16.15 ÷ 0.89 = 18.16

When rounded, this can be expressed as a ratio of 18.2x. Or, put another way, investors paid around $18.20 for every dollar earned (based on the previous year). This number is particularly useful in determining the value of Coles stock when compared with other operators in the same industry group.

Investor expectations

P/E tells us a number of things about shareholder expectations. A relatively low ratio could mean that investors believe the company is struggling to perform as well as others in the same industry, or it may purely show that the stock is simply undervalued. Conversely, a high P/E might indicate how investors anticipate growth in future earnings for that stock.

P/E compared to earnings yield and price-to-earnings-to-growth (PEG) ratio

Of course, P/E ratio is not the only measure around. Other metrics sometimes used to assess company value include the earnings yield and the PEG ratio.

Earnings yield

This metric is the inverse of P/E, where EPS is divided by the share price and expressed in percentage form. Accordingly, this provides the same information as P/E, just in a different manner. While earnings yield places the focus on the rate of return for the investment, P/E ratio is more commonly used, as it provides a more direct focus on growth in value over time. Furthermore, earnings yield assists analysis where a company has no earnings (or even negative earnings), while P/E will not be useful here.

PEG ratio

The PEG ratio is a variation on P/E that provides more comprehensive information by taking account of the connection between P/E and the growth in earnings. A low PEG (under 1) indicates that the share price underestimates earnings growth, with a higher figure (above 1) showing how investors have overestimated growth. PEG is an example of how P/E can be used in other calculations to reveal even more about stock value.

Absolute vs. relative P/E

You may also come across references to absolute and relative P/E. The absolute ratio is calculated in the usual fashion detailed above (based on the current EPS), whereas relative P/E compares against a benchmark of past ratios across a particular time frame, such as 5 or 10 years. When talking about P/E, it is the absolute metric that is generally accepted as the common standard metric. However, the relative ratio can be a useful tool for taking into account developments over time.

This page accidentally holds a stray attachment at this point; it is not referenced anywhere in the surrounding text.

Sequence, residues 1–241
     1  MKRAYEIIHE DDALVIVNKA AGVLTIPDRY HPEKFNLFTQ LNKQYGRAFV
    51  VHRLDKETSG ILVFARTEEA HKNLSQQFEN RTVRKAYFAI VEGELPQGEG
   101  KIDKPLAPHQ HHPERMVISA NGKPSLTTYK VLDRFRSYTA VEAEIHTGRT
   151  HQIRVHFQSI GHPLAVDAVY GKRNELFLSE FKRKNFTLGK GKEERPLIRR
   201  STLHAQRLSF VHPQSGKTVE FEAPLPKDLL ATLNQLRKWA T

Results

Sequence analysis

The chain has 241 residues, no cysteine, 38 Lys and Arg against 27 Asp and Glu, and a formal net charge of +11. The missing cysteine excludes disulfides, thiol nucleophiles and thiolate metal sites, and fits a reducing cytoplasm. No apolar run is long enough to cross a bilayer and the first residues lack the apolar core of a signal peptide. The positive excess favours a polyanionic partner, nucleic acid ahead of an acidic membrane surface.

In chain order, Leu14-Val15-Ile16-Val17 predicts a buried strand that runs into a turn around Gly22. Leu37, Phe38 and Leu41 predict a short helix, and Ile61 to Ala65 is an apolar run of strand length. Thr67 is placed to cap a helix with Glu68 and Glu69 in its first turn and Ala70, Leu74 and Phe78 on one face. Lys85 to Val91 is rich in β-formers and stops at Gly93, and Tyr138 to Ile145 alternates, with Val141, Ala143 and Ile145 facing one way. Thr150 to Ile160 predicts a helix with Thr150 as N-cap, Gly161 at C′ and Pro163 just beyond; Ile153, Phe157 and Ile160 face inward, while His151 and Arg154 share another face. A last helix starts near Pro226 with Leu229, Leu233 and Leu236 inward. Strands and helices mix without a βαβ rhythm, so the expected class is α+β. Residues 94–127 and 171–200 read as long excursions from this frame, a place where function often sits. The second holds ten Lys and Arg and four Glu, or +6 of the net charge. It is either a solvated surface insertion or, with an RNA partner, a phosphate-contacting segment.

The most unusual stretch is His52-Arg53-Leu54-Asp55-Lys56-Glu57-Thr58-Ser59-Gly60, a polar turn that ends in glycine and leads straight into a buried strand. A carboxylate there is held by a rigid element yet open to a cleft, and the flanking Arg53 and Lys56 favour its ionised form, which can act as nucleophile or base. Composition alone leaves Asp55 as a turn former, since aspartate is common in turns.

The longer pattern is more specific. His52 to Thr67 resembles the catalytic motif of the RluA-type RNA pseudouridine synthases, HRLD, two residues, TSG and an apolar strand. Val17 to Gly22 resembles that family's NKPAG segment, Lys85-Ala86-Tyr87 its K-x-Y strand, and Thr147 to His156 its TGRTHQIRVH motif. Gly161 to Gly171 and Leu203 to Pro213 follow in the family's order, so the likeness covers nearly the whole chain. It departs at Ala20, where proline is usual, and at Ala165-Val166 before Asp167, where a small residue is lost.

P/E ratio limitations and other possible considerations

As worthwhile as this ratio is, all we end up with is a number that can be interpreted in various ways, and which, therefore, does come with certain limitations. It is particularly beneficial when comparing companies within a particular industry. However, it is not an absolute measure that can be used to effectively compare across different sectors, such as how investment in a retail company stacks up against particular finance stock. Similarly, P/E does not effectively deal with companies that are not profitable.

The P/E ratio has many applications for investors, companies, and analysts, but it is important to have a strong understanding of what it means and how it is used in order to get the best use out of it. When employed correctly, it can provide very meaningful insight into stock value

It is certainly not the only metric of its kind, but it is one of the most important and widely used.